On March 27th, the President presented Congress and the American people with an honest assessment of our strategic position in Afghanistan and underscored that America's core mission must be redefined. President Obama also announced that along with the 17,000 additional combat troops authorized in February, he intends to send 4,000 more this fall to serve as trainers and advisers to an Afghan army expected to double in size over the next two years. Saying that this initiative will require significantly higher levels of U.S. funding for both countries, President Obama expects to increase U.S. military spending in Afghanistan by about 60 percent. The U.S. military currently spends about $2 billion a month in Afghanistan alone.
Late last year, I traveled to Afghanistan and Pakistan visiting remote outposts directly along the border and met with Prime Minister Gilani of Pakistan and Afghan President Karzai as well as senior and tactical military and intelligence officers and other government officials, including Afghan Defense Minister Rahim Wardak, the Army Chief of Staff, General Ashfaq Parvez Kayani, the head of the ISI, Pakistan's intelligence service, General Ahmad Shuja Pasha, former U.S. Ambassador to Afghanistan William B. Wood, the Commander of the International Security Assistance Force, General David D. McKiernan, and the U.S. Ambassador to Pakistan, Ambassador Anne W. Patterson.
It was clear the United States undoubtedly stood at a crossroads on how to stem the violence in both countries. As military and civilian deaths tolls rise and the flow of militants along the porous border between Pakistan and Afghanistan continues virtually unchecked, it is abundantly clear that we must re-evaluate our strategy – the security situation has deteriorated to a point that decisive action is necessary.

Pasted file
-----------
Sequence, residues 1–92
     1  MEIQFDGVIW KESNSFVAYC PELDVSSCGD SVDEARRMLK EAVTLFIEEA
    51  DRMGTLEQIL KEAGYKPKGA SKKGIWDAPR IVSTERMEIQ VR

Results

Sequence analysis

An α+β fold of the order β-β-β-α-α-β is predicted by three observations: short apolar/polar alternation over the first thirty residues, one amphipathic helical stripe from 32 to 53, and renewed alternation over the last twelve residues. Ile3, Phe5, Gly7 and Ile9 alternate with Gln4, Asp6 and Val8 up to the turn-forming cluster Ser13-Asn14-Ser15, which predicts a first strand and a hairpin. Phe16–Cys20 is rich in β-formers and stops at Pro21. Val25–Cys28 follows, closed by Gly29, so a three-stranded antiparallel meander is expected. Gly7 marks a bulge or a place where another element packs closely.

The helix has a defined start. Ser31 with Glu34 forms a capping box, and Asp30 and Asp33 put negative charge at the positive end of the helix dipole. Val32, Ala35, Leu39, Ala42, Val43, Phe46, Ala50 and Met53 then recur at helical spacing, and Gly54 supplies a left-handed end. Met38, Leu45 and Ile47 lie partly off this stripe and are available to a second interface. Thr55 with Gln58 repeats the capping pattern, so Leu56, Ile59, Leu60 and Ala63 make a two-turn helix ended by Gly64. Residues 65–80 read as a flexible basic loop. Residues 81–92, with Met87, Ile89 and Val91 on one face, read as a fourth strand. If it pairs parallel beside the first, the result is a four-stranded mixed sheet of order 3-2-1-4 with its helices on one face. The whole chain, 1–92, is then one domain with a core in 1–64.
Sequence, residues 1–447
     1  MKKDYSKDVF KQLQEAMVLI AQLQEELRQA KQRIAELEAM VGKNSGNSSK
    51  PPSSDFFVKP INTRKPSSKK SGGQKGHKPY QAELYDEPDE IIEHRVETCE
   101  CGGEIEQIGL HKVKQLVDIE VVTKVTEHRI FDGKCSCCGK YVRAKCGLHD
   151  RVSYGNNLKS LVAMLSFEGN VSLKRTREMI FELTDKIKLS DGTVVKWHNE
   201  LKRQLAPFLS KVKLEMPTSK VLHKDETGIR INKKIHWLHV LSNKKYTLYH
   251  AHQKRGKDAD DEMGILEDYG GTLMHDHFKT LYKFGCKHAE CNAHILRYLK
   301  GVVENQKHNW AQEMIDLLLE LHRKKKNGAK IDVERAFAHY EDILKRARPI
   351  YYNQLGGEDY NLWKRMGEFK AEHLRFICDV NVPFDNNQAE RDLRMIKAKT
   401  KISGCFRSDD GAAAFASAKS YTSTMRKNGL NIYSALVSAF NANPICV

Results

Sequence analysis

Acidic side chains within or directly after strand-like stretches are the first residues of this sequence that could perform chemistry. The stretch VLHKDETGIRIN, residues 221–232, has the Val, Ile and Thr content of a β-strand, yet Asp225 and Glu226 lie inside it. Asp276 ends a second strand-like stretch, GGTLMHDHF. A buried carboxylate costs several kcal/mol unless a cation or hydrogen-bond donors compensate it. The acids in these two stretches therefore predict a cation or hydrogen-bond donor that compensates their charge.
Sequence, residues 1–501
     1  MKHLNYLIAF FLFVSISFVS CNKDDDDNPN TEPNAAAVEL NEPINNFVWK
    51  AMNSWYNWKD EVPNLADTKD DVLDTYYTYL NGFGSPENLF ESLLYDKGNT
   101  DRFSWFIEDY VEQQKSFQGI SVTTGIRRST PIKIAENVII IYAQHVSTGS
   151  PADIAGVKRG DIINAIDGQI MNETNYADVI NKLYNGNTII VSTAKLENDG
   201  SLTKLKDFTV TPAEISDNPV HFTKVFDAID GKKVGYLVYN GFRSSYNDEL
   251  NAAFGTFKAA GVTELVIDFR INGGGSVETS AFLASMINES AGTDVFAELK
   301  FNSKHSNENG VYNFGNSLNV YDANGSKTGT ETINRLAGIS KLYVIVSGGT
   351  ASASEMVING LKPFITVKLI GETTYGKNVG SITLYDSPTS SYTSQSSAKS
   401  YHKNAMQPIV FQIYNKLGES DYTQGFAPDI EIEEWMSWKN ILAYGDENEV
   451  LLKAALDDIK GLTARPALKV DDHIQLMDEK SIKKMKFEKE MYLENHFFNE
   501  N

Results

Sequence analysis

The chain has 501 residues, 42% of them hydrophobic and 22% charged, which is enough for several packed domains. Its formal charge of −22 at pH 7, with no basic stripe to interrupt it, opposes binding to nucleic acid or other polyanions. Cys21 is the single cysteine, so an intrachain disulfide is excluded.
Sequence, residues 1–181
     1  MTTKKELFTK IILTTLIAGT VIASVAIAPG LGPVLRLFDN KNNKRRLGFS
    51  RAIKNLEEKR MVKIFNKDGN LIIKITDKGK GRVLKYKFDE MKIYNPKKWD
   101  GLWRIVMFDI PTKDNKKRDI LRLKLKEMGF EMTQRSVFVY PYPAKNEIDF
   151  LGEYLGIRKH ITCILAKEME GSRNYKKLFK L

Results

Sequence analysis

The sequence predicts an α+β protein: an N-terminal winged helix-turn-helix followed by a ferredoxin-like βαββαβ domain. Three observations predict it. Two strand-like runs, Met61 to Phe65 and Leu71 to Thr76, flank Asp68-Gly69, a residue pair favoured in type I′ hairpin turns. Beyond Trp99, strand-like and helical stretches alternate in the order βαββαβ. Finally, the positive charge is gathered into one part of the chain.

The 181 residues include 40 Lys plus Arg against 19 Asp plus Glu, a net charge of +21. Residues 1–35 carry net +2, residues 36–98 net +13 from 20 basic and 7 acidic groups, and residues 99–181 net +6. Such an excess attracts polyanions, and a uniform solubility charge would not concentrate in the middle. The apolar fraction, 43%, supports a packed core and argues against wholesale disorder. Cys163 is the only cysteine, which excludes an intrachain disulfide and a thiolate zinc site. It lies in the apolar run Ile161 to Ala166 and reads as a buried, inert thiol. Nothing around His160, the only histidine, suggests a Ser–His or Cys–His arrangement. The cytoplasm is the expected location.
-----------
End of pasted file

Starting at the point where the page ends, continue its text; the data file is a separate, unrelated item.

First and foremost, I have witnessed firsthand the unwavering dedication to duty and consummate professionalism of our troops currently in theater and there can be no denying the phenomenal capacity and readiness of our men and women to fulfill their mission and succeed at the highest levels as they employ sterling skill and training, boundless bravery, and unconquerable mettle against forces that are truly formidable.
I support President Obama's call to increase our footprint in Afghanistan, but it is imperative that any increase in activity is carefully targeted. Moreover, the Karzai government must combat the rampant corruption inhibiting its political and economic progress and the narcotics trade that continues to enable the Taliban and al Qaeda, or every step forward the Afghan government attempts will be hobbled by these corrosive influences.
Pakistan must do more as well. Pakistan has still failed to pledge to formally cut ties between the Pakistani Intelligence Service, the ISI, and Lashkar and other extremist groups. Pakistan must take unambiguous and durable steps to distance itself from these groups.
Furthermore, as the President underscored this morning, it is imperative that our NATO partners provide additional forces to train the Afghan National Army and Police as securing the region must be an international objective.
Clearly, we must act swiftly to shift the current course in Afghanistan or risk a major step back in foreign policy. We must temporarily increase troop levels in order to put the enemy on the defensive, initiate a full-scale civilian effort, accelerate the expansion of the Afghan National Army, improve the competency and integrity of the Afghan National Police, and most importantly, foster cross-border cooperation between the key governments in the region.